April 2012 Archives

Can You File for Bankruptcy with a Pending Car Accident Claim?

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Our law firm does not handle bankruptcy cases.  We had a lawyer that we refer our clients to if they have questions about bankruptcy.  So this post is in general terms; you want a bankruptcy lawyer to evaluate the specifics of any particular case.

But this we can say.  Generally, car accident claims are exempted in bankruptcy.  The key is to make sure you disclose the pending claim as property in the bankruptcy.  This puts the onus on the trustee.  If the trustee does not timely object to the exemption claim, then the exemption should be allowed.  

The most used exemption is the personal injury exemption of $21,625 from a personal injury award or settlement, not including pain and suffering or compensation for monetary losses. 

The biggest thing that can screw you up based on my limited experience with bankruptcy seeking clients is bad communication between the acci
Part of Title 11 of the United States Code (th...

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dent lawyer and the bankruptcy lawyer.  If they don't know each other and have not worked together, the client may have to be the facilitator between the two. Conversely,  many claims lost for failure to disclose accident claims that would have been exempt if only the debtors had listed them.  

Best advice here is easy: talk to your lawyers, disclose everything, and you will have the best chance of success. 


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Black Boxes in Truck Accident Cases

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Fortunately, truck accident lawyers in Maryland representing injury victims have more weapons in their arsenal to prove liability against a trucking company and its driver. Black boxes, which are found on large commercial trucks (and, parenthetically more frequently in passenger cars) are one of these tools. Black boxes are on board information recorders that can capture operational data from the truck's electronic network. A black box records data from an accident that can lead a truck accident lawyer investigating a trucking accident to a wealth of information as to how the truck accident occurred. Most notably, black boxes can often provide information as to the condition of the truck after the accident. It can also provide information on how the truck was operated, such as engine speed, brake applications, throttle position, vehicle speed, seat-belt usage, and airbag performance data. Because the black box's data storage ability is rather limited, the old data usually rewrites over the new data in a loop. Some trucks have very short loops where data is destroyed every ten minutes. On these commercial trucks, if an accident does not occur, the old data is erased and replaced with new data.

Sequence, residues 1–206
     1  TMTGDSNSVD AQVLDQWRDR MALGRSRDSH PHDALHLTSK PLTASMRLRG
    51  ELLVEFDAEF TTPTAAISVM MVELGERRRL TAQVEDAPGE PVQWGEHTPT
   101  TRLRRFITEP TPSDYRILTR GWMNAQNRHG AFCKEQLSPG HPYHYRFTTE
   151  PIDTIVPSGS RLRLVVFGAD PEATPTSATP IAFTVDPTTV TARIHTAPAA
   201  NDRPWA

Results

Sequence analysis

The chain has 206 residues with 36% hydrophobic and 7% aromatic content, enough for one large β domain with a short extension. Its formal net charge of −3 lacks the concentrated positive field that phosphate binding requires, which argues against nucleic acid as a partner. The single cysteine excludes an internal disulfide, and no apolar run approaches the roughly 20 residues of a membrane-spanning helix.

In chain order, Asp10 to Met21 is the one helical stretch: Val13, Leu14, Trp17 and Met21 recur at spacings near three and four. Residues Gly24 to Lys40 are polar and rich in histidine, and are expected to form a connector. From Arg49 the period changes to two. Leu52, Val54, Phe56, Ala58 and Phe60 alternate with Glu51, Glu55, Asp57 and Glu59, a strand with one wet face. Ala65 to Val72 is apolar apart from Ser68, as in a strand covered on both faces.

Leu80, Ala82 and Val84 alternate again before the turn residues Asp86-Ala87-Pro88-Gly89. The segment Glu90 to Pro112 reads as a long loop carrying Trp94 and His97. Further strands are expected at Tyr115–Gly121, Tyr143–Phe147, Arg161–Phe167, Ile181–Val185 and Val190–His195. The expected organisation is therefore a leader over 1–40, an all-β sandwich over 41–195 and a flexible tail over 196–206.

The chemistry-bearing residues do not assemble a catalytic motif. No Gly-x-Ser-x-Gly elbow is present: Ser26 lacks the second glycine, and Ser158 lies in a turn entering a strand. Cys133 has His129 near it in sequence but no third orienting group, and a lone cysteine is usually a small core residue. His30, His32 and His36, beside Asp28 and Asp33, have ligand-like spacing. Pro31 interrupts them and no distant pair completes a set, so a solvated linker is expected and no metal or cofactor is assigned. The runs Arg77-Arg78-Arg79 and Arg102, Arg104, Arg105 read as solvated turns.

Truck accident lawyers in Maryland need to make sure after the truck accident that anyone who has custody of the truck does not try to repair the truck or even move the truck's black box. The possibility of the trucking company retrieving the black box data unilaterally should also be fought.

Instead, the parties should either agree (or the injured victim's truck accident lawyer should seek a temporary restraining order from a Maryland Circuit Court) to a joint inspection of the vehicle so that the black box data can be recovered with all parties of interest present. While it is generally accepted that the vehicle owner owns the data, the truck company cannot knowingly destroy data it believes is relevant to a civil lawsuit in Maryland.

Some insurance polices contain language that gives the insurance company the right to retrieve the black box data. If the truck has been destroyed or the black box data has been erased, you should still request the information because either the trucking company or the insurance company may have preserved the data. If the lawyer does not ask for the information, the trucking company and their insurance company has no obligation to provide it.

Black boxes can also be used by plaintiffs' truck accident lawyers as a weapon against trucking companies that do not you use black boxes to their fullest potential. Almost all of large trucking companies in 2006 use wireless communication and satellite technology to track their trucks and communicate with their truck drivers. But some companies use this same technology to help keep tired truck drivers off our highways. To prove they are complying with Maryland and federal law, truck drivers are required to keep a log of their hours. As you can imagine, some truckers either keep poor logs or fill them out long after they had a real memory of their trips (defense lawyers for trucking companies have the same problem with their time sheets). But at some more progressive companies, the black boxes can compute this information for the trucking company.

If you are bringing a claim against a company that has this technology, if the black box provides evidence that the driver was involved in a truck accident while driving more than federal law allows, it is powerful evidence of the trucker's and the trucking company's liability. If the trucking company does not employ this technology, it is a fair question to asking on cross examination of the trucking company's designee as to why the company does not employ this technology to make its fleet safer.